Goldsmiths bans beef to cut its carbon footprint

The University of London college hopes to inspire others to remove the environmentally damaging meat from the menu

Purple and orange fruit and veg arranged artistically

Proving that it’s all about higher planetary commitment, as well as higher learning, Goldsmiths has become the first university in the UK to ban that most environmentally unfriendly of meats: beef.

From the start of the new term next month, steak will be stamped out and beefburgers given the boot on campus, in order to help the University of London college cut its annual 3.7 million kilogram carbon footprint to zero in the next six years. The president of Goldsmiths’ students’ union, Joe Leam, called it a “bold move. The aim of being carbon neutral by 2025 is a great aim – let’s hope the management hold true to this. There is always more that can be done – but I think it’s a great start and other institutions should learn from this move.”

Other environmental measures include switching to a 100 per cent renewable energy supplier, installing more solar panels, and charging a 10p levy on bottled water and single-use plastic cups.

Professor Frances Corner, the new warden of Goldsmiths, said the move was intended to show the university was serious about its responsibilities in the face of the climate emergency. “Declaring a climate emergency cannot be empty words,” she said. “I truly believe we face a defining moment in global history and Goldsmiths now stands shoulder to shoulder with other organisations willing to call the alarm and take urgent action to cut carbon use.”

In terms of water use, climate damage and amount of protein produced, beef is the worst kind of meat. Scientists have calculated that producing 1kg of meat is equivalent to generating the equivalent of 1 tonne of carbon dioxide. Others have mooted a tax to reflect the true cost of beef. So if you’re going to give up one type, then make it this one.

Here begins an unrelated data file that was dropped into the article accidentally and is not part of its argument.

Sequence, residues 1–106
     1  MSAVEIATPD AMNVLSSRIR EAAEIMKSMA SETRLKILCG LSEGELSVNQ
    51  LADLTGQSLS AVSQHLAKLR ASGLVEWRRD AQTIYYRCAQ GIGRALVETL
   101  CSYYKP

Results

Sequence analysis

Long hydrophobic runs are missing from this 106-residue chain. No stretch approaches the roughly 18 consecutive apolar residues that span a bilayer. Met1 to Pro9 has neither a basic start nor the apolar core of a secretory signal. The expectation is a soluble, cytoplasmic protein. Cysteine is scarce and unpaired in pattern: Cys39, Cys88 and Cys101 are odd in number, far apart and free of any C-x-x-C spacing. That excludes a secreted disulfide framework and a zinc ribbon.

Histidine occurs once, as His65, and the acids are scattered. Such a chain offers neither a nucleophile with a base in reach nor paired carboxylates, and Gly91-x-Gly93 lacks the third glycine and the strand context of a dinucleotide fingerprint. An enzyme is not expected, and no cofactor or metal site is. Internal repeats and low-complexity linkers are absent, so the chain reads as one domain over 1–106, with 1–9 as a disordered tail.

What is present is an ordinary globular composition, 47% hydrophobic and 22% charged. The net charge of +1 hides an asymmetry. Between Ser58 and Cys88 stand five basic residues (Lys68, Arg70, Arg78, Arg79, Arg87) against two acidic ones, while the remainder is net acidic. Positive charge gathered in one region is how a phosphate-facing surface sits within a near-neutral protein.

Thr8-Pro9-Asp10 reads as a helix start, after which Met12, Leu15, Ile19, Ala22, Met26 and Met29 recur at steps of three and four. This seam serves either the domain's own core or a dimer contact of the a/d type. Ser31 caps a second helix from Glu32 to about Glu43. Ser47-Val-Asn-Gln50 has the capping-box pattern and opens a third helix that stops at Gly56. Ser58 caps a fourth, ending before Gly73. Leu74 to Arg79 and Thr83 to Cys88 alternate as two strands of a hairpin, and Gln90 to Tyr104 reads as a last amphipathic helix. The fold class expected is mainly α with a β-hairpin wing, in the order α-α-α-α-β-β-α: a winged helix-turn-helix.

MFM founder Paul McCartney recently threw his weight behind a new campaign, #NoBeef launched by the environmentalist Matthew Shribman. It aims to encourage people to give up beef in order to combat deforestation, reduce greenhouse gases and preserve water. Paul said: “#NoBeef highlights the science behind moving towards a world without dependence on farmed animals and is a step in the right direction to a more sustainable future.”

It’s a step many more universities – indeed, businesses, schools, families and individuals – will have to take if Britain and the world is to get to grips with its carbon emissions. Young people in universities across the British Isles have been busy pushing for change and persuading their fellow students to act in the interest of the planet. The University of the West of England launched a #PlantBasedPlanet campaign earlier this year, to encourage students to eat less meat, while Ulster and UEA last year joined a growing number of  institutions in adopting Meat Free Monday.

 

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